Jeremy Lamb is off to a cold start for Oklahoma City

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Two preseason games is far too early to draw any sweeping conclusions about anything NBA related. But it might be enough to start to raise some concern in Oklahoma City.

The Thunder need a sixth man who can come in off the bench and light it up. That was the Kevin Martin role (and before him James Harden’s role), now the Thunder are looking for someone to step up as a third scoring option. They need that role filled if they are going to return to the Finals as they intend (and they need him to be a second scoring option until Russell Westbrook returns).

Jeremy Lamb was supposed to be that guy (along with Reggie Jackson).

So far Lamb is more a reason for concern. He got his shots Tuesday — he played 25 minutes against the Pacers and got 11 shots off from outside the paint, hitting just one of them and going 0-of-8 from three. In the Thunder’s first preseason game against Istanbul he was 2-of-6 on jumpers and 1-of-4 from three.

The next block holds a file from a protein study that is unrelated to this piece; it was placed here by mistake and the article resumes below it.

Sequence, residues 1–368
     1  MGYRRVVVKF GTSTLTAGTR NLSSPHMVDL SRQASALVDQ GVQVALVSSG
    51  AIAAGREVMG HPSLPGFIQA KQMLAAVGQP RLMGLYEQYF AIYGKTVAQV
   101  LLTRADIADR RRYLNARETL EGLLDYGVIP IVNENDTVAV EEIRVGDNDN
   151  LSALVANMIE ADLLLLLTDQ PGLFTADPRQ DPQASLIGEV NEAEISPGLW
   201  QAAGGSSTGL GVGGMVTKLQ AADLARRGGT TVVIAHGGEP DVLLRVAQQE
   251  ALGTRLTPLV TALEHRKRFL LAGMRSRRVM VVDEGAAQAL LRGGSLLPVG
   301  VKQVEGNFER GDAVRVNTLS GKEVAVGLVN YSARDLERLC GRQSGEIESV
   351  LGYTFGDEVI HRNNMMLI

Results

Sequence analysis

What may be most concerning is this continues a trend. At Summer League in Las Vegas Lamb shot 39.1 percent overall and 27.3 percent from three. Last season Lamb shot chart was not pretty (unless you love the color red).

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Scott Brooks is doing the right thing in trying to pump up Lamb publicly, as he did to the Oklahoman.

“Jeremy hasn’t shot the ball well,” said Thunder coach Scott Brooks. “But I believe in what he does. He continues to work on his game. Like all of our players, we’re focusing on defense. But the shots will eventually fall for him. He works extremely hard on his game. He has missed some shots that he’s going to continue to get. They’re going to be open looks and he’s going to be able to step up and stick them in. I believe in that. I think our guys do.”

Lamb is going to get those looks and opponents will encourage him to take them until he makes them pay. It’s a cycle — he has a tendency to fall in love with that shot and not attack, and as long as he’s not hitting teams will give him the jumper and try to cut off driving lanes.

He shot a more respectable 35 percent from three in the D-League last season. He can do it. And to reiterate — it is FAR to early to say how this story is going to end.

But if Thunder fans are a little concerned, you can understand why.